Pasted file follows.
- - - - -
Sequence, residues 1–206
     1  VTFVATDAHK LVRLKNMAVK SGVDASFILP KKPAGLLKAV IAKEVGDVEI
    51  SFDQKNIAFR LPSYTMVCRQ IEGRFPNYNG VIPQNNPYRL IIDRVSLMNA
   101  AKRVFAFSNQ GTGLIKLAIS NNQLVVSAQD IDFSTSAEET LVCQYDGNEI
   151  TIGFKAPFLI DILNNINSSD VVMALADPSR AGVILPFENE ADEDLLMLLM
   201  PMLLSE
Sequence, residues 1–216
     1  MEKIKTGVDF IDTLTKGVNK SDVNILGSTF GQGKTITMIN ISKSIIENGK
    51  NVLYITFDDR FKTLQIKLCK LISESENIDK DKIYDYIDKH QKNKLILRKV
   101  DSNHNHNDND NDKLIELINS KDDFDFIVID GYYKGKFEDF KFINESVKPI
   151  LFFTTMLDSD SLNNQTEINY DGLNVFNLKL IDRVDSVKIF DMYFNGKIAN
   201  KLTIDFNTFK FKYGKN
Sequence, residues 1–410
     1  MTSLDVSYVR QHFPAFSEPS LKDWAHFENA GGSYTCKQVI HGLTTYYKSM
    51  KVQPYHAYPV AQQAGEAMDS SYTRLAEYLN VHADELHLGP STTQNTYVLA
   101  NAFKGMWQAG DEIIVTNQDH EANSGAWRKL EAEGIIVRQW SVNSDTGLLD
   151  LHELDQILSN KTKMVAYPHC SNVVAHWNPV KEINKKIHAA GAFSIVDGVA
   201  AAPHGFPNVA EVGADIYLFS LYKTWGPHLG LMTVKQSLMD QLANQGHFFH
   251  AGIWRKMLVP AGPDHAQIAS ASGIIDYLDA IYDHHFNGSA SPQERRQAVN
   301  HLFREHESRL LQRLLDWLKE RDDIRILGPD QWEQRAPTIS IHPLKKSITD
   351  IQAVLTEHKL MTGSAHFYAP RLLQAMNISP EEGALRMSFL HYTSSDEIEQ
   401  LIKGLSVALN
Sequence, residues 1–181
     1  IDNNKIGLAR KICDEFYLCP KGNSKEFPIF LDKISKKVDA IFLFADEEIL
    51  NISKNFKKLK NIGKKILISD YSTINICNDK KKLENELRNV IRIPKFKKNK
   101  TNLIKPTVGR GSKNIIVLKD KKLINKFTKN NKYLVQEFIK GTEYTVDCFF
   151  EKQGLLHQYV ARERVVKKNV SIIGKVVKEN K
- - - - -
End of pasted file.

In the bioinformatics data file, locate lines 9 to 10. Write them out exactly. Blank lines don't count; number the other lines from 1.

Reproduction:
    51  NVLYITFDDR FKTLQIKLCK LISESENIDK DKIYDYIDKH QKNKLILRKV
   101  DSNHNHNDND NDKLIELINS KDDFDFIVID GYYKGKFEDF KFINESVKPI